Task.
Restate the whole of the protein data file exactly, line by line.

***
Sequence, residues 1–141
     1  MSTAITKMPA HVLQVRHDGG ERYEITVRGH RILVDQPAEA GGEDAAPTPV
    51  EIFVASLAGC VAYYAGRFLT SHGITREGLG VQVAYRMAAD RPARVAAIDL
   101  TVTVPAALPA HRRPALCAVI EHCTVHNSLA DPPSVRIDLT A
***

Sequence, residues 1–141
     1  MSTAITKMPA HVLQVRHDGG ERYEITVRGH RILVDQPAEA GGEDAAPTPV
    51  EIFVASLAGC VAYYAGRFLT SHGITREGLG VQVAYRMAAD RPARVAAIDL
   101  TVTVPAALPA HRRPALCAVI EHCTVHNSLA DPPSVRIDLT A